One day recently, my car refused to start. I can’t blame it, as it was very cold that day, for humans and for everything else, including little cars. I was sure I’d have to call the Auto Association the next day to do their jump-start magic.
However, the next day — a much warmer day — Little Car started without any hesitation whatsoever. I guess it just wanted a rest the day before, and perhaps also wanted to inspire a blog post.
There are times when we, too, just need a rest before we get back to the task at hand. We need to pull back and take some time to recharge ourselves in whatever way works for us. (Personally, I spent the weekend concentrating on decluttering, which makes me feel refreshed with my mind decluttered as well.)
There are also times when we could do with a jump start. I’ve experienced a couple of those recently. Both of them happen to have been focussed on writing, but they’ve recharged me in my general life as well.
The first is an experience I’ve treated myself to for the past three years. I consider it treating myself, even though it’s free — treats don’t always cost money. I participated in Julie Hedlund’s wonderful year-end/year-beginning 12 Days of Christmas for Writers.
In it, Julie guides us through looking back on our past year and making plans for the coming year, and she makes the whole process fun and uplifting. It begins right after Christmas and goes for — you guessed it — twelve days. Despite the name and the timing, it is open to all writers, whether you celebrate Christmas or not.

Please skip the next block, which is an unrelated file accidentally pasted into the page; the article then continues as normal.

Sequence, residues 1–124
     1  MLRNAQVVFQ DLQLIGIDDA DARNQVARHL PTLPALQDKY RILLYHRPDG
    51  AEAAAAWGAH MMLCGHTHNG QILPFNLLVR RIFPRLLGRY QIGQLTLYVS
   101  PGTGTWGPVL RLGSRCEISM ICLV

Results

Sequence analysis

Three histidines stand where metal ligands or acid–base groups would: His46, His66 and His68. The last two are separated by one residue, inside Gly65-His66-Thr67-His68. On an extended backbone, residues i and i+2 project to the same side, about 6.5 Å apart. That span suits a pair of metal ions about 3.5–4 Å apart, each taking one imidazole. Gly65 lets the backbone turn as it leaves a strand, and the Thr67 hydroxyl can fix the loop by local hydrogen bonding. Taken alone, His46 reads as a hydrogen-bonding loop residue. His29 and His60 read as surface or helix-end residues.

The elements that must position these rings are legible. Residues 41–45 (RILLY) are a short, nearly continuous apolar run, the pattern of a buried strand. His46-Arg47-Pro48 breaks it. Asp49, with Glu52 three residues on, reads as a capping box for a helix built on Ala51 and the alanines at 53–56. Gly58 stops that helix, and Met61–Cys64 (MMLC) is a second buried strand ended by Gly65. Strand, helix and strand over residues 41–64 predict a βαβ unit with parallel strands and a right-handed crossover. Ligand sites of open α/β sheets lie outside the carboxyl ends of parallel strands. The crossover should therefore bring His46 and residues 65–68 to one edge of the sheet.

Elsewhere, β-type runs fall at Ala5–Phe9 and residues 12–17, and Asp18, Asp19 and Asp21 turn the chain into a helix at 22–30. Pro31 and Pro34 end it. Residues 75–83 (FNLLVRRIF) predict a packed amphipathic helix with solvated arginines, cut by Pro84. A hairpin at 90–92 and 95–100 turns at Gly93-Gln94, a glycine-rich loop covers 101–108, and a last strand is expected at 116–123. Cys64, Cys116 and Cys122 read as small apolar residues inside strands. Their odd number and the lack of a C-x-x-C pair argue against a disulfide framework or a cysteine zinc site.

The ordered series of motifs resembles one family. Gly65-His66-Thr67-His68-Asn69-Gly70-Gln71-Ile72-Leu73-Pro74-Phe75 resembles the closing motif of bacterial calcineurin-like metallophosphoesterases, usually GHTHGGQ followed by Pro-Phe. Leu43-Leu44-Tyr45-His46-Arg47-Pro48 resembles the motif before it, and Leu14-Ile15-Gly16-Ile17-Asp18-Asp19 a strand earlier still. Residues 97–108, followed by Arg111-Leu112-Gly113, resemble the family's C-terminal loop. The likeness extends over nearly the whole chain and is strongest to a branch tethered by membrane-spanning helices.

It makes a fabulous wind-up for the year, and sends participants into the New Year energized and inspired. Thanks, Julie!
Coinciding with the mid-point in the 12 Days, thanks to Tara Lazar changing her PiBoIdMo (Picture Book Idea Month) into an idea month for all writers called StoryStorm and moving it from November to January, I joined hundreds of other writers in the plan to come up with thirty ideas over the course of the month.
I’m pleased to report that I’m ahead of the game — I’ve already logged more than thirty ideas, and I’ve been having fun with them. Some are for middle grade fiction, some for adult fiction, some are decidedly better than others, and there are a couple I can hardly wait to start working on.
This, too, is a great way to jump start the writing process at the beginning of the year. Thanks, Tara!
If you’re not a writer, you certainly can find jumper cables to give yourself a boost in what for many is a cold, dreary, and dismal part of the year, in a time in our society that seems uncertain. We all are works in progress, and isn’t that a good thing? I’m grateful that I’m different than I was ten years ago, or twenty, and I know there is still progress to be made.
As I said earlier, decluttering helps me in the recharging process. I’ve found inspiration from various sources over the years, including Hellen Buttigieg, the original Apartment Therapy book and home “cure,” and various other books and online challenges.
For self-evaluation and personal growth, there is a plethora of resources available, as you’re likely well aware. One I’ve found particularly helpful (and perhaps it’s time I went through it again) is Live a Life You Love by Susan Biali — in fact, one of my first posts on this blog was about this book.
J is for a different sort of jumper cables that help you jump start your year — however you do that, I wish you joy on the journey.